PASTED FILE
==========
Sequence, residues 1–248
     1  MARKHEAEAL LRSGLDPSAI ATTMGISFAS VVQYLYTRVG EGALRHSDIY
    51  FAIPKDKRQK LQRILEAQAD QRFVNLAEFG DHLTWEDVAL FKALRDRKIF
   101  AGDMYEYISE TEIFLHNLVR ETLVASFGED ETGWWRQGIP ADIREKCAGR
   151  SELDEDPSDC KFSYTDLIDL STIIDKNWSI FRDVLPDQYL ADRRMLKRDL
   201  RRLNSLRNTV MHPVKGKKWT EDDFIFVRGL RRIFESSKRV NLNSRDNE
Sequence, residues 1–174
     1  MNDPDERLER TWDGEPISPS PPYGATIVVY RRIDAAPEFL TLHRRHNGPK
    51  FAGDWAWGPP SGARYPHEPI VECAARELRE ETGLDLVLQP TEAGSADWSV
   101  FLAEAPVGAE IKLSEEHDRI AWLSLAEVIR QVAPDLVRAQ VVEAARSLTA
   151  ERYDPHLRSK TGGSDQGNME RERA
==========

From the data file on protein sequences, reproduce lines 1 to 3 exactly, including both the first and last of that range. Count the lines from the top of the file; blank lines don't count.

Sequence, residues 1–248
     1  MARKHEAEAL LRSGLDPSAI ATTMGISFAS VVQYLYTRVG EGALRHSDIY
    51  FAIPKDKRQK LQRILEAQAD QRFVNLAEFG DHLTWEDVAL FKALRDRKIF